Mark’s Station was an ideal location as a stop over for long distance travelers passing through the Alliance- a loose federation comprised of fifteen races from six planets in four solar systems. Supply stores, hotels, ship ports and maintenance shops, filled the needs of folks on their way to other worlds. It was always busy.
Between the three dealerships, Montana Design got a lot of business. We repaired, refitted or suped up just about everything.
My job was to design and install ship interiors. Most transports come out of the factory or from the sales lot as a basic shell then modified to accommodate the owner’s physiology and one gee.
The Cassarins were “fat fucks” as Stan called them, alien white trash with blobby physiques and pasty skin. A nouveau riche race from the DeBalzac System that had no class or taste but were always happy with whatever we gave them.
The Jova, on the other hand, had excellent taste. They were tall, elegant and extraordinarily handsome. They were also our main ally with the Alliance. The females were the dominant gender so the males deferred to me in a worshipful way that made me glad I left Earth every time I dealt with them. Likewise, the male Jova were happy being treated as equals by Terrans.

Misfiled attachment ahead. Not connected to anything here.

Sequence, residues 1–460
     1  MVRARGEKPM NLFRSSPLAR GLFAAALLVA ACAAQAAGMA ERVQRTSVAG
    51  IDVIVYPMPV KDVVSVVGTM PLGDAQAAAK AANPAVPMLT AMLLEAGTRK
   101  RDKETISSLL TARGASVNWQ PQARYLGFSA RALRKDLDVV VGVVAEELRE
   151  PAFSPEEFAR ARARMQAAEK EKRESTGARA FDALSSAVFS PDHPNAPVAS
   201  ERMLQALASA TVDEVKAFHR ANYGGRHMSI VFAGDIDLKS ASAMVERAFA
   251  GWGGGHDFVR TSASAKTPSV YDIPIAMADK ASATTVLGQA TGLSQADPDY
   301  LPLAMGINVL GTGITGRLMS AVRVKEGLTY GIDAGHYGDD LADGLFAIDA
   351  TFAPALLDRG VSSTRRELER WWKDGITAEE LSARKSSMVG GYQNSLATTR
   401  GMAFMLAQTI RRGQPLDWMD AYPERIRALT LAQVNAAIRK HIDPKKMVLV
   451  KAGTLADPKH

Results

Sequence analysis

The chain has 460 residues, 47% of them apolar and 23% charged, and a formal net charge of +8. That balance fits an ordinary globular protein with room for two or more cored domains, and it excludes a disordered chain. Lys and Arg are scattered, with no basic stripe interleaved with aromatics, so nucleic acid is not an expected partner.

We didn’t get any business from the Pohls, as they had their own production in place, which was too bad, as you can tell a lot about a race by the configuration of their ships.
I stopped by accounting on my way to work one day and as I walked down the hall, I happened to glance through a partially open office door to see what looked like a large bowl of slimy, white rice noodles on top of a rumpled blue tablecloth lying in a leather chair.
A few minutes later, while chatting with Geta about my paycheck I noticed Imbler pass by, adjusting his wig the color of cornsilk and wearing his standard blue coveralls. It took a few seconds for my distracted brain to make the connection and my eyes widen in small horror. Eww, Temple was right, some things some things should be left out of one’s imagination.